As Wall Street pushes higher, a pandemic-weary Main Street is relearning how to manage cash flow with the hope of keeping its retirement dreams alive – and for those self-employed, this is paramount.
Self-employed Americans, and the people working for them, account for roughly 30 percent of the nation’s workforce.1
In the best of times, putting aside money for retirement was a challenge for this group. Before the pandemic, just 13 percent of people who run a single-person business set aside money in a workplace retirement plan. By comparison, 72 percent of people in large companies participate in retirement plans.2
In recent weeks, the Dow Jones Industrial Average crossed 30,000 for the first time. And this year, the Standard & Poor’s 500 index has picked up more than 10 percent through November. But some self-employed Americans are just reading about the rally, not participating.3,4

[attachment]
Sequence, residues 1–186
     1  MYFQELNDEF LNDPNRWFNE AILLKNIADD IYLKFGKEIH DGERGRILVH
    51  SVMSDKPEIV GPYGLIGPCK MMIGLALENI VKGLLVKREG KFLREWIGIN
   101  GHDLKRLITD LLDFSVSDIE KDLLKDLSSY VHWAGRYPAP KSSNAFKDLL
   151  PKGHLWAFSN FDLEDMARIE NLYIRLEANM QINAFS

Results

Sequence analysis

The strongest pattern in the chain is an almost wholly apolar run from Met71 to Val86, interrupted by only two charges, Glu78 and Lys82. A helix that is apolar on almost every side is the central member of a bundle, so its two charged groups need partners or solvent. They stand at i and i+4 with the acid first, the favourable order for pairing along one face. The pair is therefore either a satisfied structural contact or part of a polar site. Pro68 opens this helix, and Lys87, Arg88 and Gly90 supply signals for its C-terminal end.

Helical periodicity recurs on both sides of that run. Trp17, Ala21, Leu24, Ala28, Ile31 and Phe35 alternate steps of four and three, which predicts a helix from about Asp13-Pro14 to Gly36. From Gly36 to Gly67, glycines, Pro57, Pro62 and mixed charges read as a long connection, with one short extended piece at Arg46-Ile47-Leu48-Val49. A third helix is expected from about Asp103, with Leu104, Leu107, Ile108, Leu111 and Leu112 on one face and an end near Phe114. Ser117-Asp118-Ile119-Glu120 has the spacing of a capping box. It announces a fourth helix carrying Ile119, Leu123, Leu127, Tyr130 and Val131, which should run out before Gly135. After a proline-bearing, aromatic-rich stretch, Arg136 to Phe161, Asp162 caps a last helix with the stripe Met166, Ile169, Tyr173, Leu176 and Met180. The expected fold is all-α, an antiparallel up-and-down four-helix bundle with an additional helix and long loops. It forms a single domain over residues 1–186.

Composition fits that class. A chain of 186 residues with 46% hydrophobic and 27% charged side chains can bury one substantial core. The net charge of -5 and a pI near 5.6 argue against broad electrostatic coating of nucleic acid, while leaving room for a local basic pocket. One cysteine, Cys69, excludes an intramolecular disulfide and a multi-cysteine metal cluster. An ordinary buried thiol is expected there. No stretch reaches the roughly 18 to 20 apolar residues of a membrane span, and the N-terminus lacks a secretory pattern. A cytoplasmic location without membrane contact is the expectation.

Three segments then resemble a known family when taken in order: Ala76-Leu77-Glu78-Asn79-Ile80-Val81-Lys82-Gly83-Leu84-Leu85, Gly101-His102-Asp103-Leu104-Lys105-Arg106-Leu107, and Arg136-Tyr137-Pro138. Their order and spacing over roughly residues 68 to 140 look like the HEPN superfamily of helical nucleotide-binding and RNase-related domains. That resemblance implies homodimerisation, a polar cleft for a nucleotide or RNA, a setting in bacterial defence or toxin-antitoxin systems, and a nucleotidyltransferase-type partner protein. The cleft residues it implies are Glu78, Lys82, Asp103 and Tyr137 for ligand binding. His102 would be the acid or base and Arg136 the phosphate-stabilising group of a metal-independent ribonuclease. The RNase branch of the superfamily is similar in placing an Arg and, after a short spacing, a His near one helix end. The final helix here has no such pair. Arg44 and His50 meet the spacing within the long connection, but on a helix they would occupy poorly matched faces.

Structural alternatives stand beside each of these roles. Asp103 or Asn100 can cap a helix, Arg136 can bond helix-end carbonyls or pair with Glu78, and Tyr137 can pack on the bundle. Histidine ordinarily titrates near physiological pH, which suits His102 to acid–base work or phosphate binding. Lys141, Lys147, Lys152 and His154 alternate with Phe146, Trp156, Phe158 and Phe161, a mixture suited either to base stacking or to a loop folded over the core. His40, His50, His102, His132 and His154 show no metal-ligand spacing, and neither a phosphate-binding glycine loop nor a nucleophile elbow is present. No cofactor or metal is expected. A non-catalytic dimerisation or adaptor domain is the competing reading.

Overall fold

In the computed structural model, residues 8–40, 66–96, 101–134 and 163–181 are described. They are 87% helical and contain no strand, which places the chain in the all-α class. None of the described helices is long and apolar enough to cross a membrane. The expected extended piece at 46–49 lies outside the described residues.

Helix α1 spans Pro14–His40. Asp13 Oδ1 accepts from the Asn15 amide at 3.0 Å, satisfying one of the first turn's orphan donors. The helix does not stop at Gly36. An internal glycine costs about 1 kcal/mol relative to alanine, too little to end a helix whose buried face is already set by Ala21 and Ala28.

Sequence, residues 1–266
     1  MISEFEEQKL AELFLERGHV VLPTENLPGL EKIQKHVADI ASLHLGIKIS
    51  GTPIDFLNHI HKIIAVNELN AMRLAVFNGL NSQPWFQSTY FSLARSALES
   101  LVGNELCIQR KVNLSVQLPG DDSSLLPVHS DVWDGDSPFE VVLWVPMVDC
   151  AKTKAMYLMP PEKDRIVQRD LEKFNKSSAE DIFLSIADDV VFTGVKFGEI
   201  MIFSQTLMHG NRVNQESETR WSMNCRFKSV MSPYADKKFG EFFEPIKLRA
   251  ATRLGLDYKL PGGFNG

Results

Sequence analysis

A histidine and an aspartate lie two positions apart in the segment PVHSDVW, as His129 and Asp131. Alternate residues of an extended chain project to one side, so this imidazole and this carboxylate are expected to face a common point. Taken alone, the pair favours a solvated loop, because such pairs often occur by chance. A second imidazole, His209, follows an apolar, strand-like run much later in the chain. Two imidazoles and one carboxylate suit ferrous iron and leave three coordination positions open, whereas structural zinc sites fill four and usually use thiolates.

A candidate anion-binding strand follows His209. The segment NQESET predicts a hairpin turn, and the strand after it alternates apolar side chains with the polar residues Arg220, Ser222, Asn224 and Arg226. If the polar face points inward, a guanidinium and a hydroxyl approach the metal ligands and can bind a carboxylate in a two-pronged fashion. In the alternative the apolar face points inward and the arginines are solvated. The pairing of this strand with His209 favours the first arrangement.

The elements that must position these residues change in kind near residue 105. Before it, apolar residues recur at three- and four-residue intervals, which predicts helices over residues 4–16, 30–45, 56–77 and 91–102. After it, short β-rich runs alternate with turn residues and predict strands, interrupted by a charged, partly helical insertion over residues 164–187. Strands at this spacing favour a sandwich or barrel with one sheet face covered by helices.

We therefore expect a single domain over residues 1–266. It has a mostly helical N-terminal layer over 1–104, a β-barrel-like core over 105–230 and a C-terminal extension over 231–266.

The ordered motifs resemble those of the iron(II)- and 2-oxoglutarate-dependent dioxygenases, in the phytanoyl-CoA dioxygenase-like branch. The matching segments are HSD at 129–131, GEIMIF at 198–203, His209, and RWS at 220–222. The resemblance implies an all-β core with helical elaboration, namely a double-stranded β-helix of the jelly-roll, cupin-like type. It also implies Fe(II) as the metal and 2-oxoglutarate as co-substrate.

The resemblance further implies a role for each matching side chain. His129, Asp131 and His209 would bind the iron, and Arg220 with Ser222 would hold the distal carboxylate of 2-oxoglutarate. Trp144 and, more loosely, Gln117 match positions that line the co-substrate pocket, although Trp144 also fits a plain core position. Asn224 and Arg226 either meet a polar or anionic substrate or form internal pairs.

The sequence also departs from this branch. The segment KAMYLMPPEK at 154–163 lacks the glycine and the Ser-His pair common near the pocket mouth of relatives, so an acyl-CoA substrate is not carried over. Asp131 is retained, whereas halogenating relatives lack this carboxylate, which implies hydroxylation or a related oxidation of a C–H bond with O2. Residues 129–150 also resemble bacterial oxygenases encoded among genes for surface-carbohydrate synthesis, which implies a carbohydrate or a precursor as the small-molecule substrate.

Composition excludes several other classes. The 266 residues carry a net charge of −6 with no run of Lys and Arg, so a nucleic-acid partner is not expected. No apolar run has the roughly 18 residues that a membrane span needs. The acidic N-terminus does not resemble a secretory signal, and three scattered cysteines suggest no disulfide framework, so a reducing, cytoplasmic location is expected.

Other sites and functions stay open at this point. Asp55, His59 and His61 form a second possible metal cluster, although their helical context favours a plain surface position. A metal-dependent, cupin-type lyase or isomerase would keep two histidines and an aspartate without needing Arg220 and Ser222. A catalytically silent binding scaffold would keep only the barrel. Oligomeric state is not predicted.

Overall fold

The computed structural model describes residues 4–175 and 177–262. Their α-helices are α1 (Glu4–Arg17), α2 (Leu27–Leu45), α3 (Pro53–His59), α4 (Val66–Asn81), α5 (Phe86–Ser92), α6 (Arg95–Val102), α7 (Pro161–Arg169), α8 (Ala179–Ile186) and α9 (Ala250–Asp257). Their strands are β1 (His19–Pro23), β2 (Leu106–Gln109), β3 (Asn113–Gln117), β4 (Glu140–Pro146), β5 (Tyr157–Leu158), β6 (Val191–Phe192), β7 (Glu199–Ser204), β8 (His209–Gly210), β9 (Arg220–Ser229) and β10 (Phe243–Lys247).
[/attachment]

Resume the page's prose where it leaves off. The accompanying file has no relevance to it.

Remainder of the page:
There’s no shortage of retirement plan choices and programs. But the uncertain outlook has forced many to build larger-than-normal cash reserves to help manage through any operating restrictions or shutdowns.5
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Preparing for retirement just got a little more financial wiggle room. This week, the Internal Revenue Service (IRS) announced new contribution limits for 2022.
Financial markets can be challenging to understand. But when markets enter a “bad news is good news” cycle, it becomes even more difficult to follow along. Enter the Fed’s decision for tapering bond purchases.
The past year and a half have tested all of us, but overall, the economy continues to strengthen, COVID-19 trends are greatly improving, and this still relatively young bull market is alive and well. As the leaves turn colors and begin to fall to the ground, there are many reasons to be thankful.
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